When the Forest Service celebrated its one hundredth anniversary, it recalled one historic site in Montana that played a major role in its history. Creation of the National Forest Service in 1905 brought Elers Koch, one of the nation’s first professional foresters, to inspect and evaluate the Forest Reserves of Montana and Wyoming. As Forest Supervisor of the Bitterroot and Lolo National Forests in 1907, Koch happened upon the abandoned homestead of a German settler named Savannach in Mineral County. He thought it a perfect spot to establish a tree nursery. Work began in 1908. As the first pine seedlings were ready for transplant in 1910, fire swept through the region, burning three million acres of timber and destroying the nursery. The disaster made fire prevention and conservation a primary mission of the Forest Service. Reforestation figured prominently in that goal, and so the Forest Service wasted no time in rebuilding the nursery. Savenac became the largest tree nursery in the Northwest, producing up to twelve million trees annually. Regional reorganization closed the nursery in 1969, but during its long service, Savenac pioneered much of the theory and practice of silviculture right here in Montana’s Mineral County.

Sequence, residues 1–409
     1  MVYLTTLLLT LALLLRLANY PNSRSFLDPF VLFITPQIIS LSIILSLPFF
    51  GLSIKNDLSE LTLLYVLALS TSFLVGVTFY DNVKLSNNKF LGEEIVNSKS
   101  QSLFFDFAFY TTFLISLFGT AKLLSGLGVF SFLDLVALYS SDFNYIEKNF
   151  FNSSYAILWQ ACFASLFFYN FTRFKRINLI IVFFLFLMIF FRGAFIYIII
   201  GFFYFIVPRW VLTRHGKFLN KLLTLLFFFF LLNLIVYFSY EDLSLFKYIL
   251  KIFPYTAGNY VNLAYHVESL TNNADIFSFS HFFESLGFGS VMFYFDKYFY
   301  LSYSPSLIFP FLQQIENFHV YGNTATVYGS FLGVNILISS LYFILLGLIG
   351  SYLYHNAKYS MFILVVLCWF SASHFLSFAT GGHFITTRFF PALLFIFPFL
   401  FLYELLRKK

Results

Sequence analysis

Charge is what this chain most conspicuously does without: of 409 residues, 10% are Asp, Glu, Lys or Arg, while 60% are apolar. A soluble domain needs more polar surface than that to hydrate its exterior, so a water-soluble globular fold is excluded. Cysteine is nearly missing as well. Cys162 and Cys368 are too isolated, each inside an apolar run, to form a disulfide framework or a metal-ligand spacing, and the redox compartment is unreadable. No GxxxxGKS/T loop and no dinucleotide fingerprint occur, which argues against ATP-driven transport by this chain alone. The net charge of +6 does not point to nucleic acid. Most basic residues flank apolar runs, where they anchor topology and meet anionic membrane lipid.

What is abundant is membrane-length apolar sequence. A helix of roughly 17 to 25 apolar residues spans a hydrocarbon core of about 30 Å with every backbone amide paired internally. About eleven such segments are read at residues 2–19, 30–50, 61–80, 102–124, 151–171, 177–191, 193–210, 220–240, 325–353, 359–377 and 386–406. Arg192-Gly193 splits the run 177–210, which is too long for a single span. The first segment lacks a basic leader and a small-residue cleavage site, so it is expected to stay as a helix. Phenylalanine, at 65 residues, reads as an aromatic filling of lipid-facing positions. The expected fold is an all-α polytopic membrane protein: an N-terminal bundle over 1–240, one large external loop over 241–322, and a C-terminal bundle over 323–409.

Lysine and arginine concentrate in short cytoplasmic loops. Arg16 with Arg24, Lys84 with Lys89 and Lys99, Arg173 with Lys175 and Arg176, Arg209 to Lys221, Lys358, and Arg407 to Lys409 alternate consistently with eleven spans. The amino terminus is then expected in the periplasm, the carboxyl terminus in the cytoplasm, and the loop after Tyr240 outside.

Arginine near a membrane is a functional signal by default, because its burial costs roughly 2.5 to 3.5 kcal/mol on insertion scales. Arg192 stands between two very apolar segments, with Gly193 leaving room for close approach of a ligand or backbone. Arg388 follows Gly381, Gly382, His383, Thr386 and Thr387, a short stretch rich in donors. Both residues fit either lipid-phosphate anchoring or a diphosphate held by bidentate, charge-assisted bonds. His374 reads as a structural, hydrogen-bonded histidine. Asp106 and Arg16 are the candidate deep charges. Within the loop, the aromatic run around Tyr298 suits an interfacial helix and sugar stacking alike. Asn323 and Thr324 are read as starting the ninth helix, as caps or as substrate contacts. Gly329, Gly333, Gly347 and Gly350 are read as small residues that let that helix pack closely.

|Men from the Civilian Conservation Corps mix concrete for improvements to the nursery in 1934.|
Montana Historical Society Photograph Archives, PAc 2003-47.14